Located right along the edge of Middlefield that Preciado marks as the dividing line between the haves and have-nots, St. Anthony’s serves as a buffer of sorts between the two worlds. Inside, volunteers from Atherton and Menlo Park mingle with clients from Redwood City and beyond, a rare moment when the two converge.
For 56-year-old Clara Villegas of San Mateo, who regularly makes the trek to St. Anthony’s for a warm meal, the divisions are hard to ignore.
“You realize the differences right when you drive down the road into Atherton and see the cars: BMWs, Teslas, Mercedes,” she says in Spanish. “There is a lot of wealth on that side.”
Villegas says she’s on disability but the money often doesn’t go far enough to cover her expenses, so she relies on St. Anthony’s for a hot meal and the extra food volunteers pass out to bring home. Over a spoonful of veggies, she runs through a list of housing-related challenges many of her peers face, with high rents pushing people to sleep in cars and RV’s or crowd into apartments with friends and relatives.
But those stresses disappear when she walks into St. Anthony’s, where she can sit, drink coffee, and catch up with other regulars for a few relaxed moments each day.
“I feel like coming here is therapy,” she says. “The volunteers are very nice, the community is important, and I think it would be really hard for a lot of people if this place didn’t exist.”
Sister Christina Heltsley, executive director of nearby St. Francis Center in the 94063 ZIP code, believes her organization’s location near such a wealthy community has more benefits than drawbacks.
“If it was just a very poor area next to a very poor area, it might be a little more difficult to get some of the resources that we get because people’s hearts are moved,” says Heltsley, whose organization provides low-income residents with affordable housing and other services. “It is kind of in your face when it’s right next door.”
Many of the families St. Francis serves work in construction, gardening, housekeeping or as nannies, and struggle to find affordable housing. The high cost of rent has pushed some families into extreme situations, she says — sleeping in shifts, moving to cheaper communities and commuting hours each day, or sleeping in cars.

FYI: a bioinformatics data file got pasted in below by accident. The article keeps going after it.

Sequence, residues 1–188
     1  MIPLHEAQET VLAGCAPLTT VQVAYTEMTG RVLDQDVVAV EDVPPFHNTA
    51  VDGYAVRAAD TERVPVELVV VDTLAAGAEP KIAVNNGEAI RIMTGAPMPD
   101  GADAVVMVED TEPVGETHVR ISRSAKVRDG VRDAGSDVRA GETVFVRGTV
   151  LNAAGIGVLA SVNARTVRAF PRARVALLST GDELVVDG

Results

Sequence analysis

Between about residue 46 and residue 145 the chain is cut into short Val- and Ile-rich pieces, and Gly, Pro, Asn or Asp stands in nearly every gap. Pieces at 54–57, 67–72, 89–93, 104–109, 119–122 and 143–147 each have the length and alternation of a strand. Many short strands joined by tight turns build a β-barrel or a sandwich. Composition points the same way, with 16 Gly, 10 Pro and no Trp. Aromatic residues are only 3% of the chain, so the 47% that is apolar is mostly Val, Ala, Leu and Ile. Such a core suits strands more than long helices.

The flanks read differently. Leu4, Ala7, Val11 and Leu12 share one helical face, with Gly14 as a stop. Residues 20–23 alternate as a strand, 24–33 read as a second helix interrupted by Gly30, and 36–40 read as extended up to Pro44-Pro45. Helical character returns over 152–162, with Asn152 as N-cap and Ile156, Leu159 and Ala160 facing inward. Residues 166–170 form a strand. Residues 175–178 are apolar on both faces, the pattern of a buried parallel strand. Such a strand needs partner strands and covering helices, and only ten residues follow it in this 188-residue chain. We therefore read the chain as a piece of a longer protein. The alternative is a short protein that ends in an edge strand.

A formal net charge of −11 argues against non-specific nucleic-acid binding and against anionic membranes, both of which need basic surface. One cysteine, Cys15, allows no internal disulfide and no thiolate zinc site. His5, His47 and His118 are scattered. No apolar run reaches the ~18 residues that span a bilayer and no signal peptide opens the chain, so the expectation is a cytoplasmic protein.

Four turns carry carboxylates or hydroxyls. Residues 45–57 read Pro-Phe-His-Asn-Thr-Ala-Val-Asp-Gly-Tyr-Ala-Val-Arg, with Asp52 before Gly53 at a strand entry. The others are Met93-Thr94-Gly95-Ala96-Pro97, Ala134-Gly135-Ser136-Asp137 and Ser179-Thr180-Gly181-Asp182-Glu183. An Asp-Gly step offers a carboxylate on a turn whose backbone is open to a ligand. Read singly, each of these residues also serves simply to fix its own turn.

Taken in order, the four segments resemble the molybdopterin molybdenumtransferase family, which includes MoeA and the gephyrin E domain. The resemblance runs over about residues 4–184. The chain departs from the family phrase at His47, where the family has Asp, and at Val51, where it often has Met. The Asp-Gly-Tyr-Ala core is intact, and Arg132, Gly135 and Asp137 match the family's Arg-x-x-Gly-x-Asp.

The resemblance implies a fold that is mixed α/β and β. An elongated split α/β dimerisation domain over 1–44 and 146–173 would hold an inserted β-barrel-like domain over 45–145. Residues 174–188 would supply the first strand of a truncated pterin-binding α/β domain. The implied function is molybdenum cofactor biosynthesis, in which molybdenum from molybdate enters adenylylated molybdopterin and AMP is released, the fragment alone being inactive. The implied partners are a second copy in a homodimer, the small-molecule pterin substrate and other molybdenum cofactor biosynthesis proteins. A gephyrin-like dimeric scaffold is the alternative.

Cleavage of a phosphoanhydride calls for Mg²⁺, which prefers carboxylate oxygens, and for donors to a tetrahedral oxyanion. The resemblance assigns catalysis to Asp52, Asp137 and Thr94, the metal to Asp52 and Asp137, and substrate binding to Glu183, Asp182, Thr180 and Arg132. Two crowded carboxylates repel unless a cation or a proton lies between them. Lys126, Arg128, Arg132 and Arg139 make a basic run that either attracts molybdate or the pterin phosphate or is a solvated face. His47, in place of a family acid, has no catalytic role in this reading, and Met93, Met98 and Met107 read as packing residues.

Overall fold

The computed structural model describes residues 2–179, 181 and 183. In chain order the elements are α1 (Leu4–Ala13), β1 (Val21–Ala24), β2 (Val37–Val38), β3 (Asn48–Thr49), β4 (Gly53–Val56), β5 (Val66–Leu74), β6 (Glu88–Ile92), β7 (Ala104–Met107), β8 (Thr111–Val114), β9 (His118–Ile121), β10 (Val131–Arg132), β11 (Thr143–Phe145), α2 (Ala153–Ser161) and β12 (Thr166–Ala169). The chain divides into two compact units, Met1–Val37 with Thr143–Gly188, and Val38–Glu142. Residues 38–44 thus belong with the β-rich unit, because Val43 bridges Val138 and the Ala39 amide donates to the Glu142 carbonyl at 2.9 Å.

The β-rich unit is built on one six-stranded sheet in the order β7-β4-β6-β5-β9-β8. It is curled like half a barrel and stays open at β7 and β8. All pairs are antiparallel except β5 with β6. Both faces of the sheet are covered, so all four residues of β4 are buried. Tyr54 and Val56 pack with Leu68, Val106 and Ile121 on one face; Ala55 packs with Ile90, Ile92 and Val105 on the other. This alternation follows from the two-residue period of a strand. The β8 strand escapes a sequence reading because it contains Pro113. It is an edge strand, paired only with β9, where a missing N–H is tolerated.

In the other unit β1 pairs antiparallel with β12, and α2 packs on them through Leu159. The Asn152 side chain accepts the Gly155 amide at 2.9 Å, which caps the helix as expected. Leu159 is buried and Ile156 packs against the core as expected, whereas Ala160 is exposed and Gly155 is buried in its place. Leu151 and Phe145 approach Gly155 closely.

“Most of them are not only working, but they’re working two to three jobs each just to make ends meet,” she says. “Our clients have to navigate things I never had to think about.”
For Preciado, the question of whether to stay or go is ever-present. On a winter afternoon when she stops by St. Anthony’s with her 10-year-old twins, she fields calls for a potential new apartment. She says rent for her one-bedroom apartment recently increased to more than $2,000 a month, which she can’t afford.
Preciado says she got a new job with San Mateo County and a raise to $16 an hour, but it is “still not enough” to cover rent at the places she has been looking. Recently, she stopped by a two-bedroom apartment in Sunnyvale that rents for $2,695 a month.
“That one is actually cheaper than the ones I’m seeing in Redwood City,” Preciado says. To afford it, she thinks she would have to get a second job. So, she has her eye on places outside of the Bay Area, like Sacramento.
“I think it’s probably one more year and then I’m out of here because it’s getting too expensive,” she says. “Which makes me sad, because I don’t want to leave. This is the only place I’ve ever been.”
Erica Hellerstein is a journalist with the Mercury News. This article is part of The California Divide, a collaboration among newsrooms examining income inequity and economic survival in California